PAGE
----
Make your future self’s life easier; starting today.
There’s a Seinfeld scene where Jerry laments never getting enough sleep. He blames it on his Night Guy personality, who doesn’t care how sleep deprived his future self will be.
Here’s the transcript, but you should go watch the original scene.
I never get enough sleep.
I stay up late at night, cause I’m Night Guy.
Night Guy wants to stay up late.
‘What about getting up after five hours sleep?’, oh that’s Morning Guy’s problem.
That’s not my problem, I’m Night Guy.
I stay up as late as I want.
So you get up in the morning, the alarm, you’re exhausted, groggy.
Oh, you hate that Night Guy!
See, Night Guy always screws Morning Guy.
There’s nothing Morning Guy can do.
The only thing Morning Guy can do is try and oversleep often enough so that Day Guy loses his job and Night Guy has no money to go out anymore.
How many times have we been like Jerry? Letting Night Guy take over and hit “Watch next episode” on Netflix. Or perhaps it’s Glutton Guy who takes charge and goes for that extra serving of chocolate sauce-topped ice cream. And how about Party Guy, who loves to grab “just one more” drink?
Every time we give in to Night Guy and the other in-the-moment personalities, we prioritize immediate gratification at the expense of our future selves.
As Jerry Seinfeld observed, Night Guy seems to always screw Morning Guy. But it doesn’t have to be that way. Night Guy, our present self, can become our future self’s most committed ally.
For this to happen, we need to adopt a long-term thinking mindset and develop empathy for our future selves.
Get to know your future self
Long-term thinking is a habit of the mind. It takes time to develop it and effort to maintain it because we are not wired for it.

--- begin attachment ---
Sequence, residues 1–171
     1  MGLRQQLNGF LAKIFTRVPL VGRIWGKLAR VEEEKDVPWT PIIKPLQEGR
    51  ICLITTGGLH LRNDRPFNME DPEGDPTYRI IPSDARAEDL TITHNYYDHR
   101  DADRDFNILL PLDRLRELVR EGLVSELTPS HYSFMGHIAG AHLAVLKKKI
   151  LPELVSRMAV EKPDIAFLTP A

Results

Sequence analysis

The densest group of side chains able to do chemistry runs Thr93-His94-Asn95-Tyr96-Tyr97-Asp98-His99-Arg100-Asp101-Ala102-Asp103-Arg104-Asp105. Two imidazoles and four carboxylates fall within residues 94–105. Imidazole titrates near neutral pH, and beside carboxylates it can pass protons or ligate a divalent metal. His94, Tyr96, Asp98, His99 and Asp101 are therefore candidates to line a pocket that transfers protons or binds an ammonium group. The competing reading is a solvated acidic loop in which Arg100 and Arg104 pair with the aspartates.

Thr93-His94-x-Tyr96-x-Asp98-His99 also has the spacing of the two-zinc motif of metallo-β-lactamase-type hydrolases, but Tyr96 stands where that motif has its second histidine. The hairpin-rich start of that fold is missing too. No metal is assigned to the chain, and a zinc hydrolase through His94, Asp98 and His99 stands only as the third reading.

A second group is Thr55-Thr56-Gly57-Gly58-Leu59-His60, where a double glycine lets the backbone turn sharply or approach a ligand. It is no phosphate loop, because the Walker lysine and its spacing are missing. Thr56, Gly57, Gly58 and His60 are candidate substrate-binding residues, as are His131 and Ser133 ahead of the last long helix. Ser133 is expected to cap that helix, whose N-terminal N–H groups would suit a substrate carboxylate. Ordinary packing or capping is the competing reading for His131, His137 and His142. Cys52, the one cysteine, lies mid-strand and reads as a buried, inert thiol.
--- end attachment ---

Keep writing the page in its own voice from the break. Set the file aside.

Hominids and early humans evolved through scarcity and danger. Immediate gratification guaranteed our ancestors’ survival. But that approach has become detrimental in our pampered world of abundance.
One practical way to ignite the shift from short- to long-term thinking is to visualize your future self. Make Night Guy care about Morning Guy so that it can help him out instead of relentlessly sabotaging him.
You can visualize your future self using an aging filter. Here’s future Gio, according to the FaceLab app:
Looking at a possible older version of ourselves engages our minds in mental time travel and shifts our perspective toward the future by giving us something concrete to hold on to. In his book Your Future Self, Hal Hershfield discusses this and other mental time-traveling techniques as ways to develop empathy with the future version of us.
Of course, a computer-generated picture of our older selves won’t magically change our outlook on life. But it can act as a strong catalyst. Whenever I look at my picture, it triggers a cascade of understanding and helps me stay in long-term thinking mode.
Why long-term thinking matters
Long-term thinking is a crucial mindset to adopt for those seeking meaningful productivity.
Any meaningful project you’ll ever tackle will take years to complete. You can’t expect to build a company, write a book, lose weight, or start a family, from one day to the next. It takes time and consistent, sustained effor. In this context, it’s critical to make decisions that optimize for the long haul, even when they might not be ideal in the short run.
Developing empathy for our future self is necessary for strategic decision-making. Visualizing the future version of us helps shift our perspective towards the long-term and distinguish between immediate gratification and genuine good decisions.
Long-term thinking requires shifting our rewards center towards delayed gratification. Delaying gratification is easier when we can mentally time-travel to the future, where our older selves and our families will be thankful for the sacrifices we made today.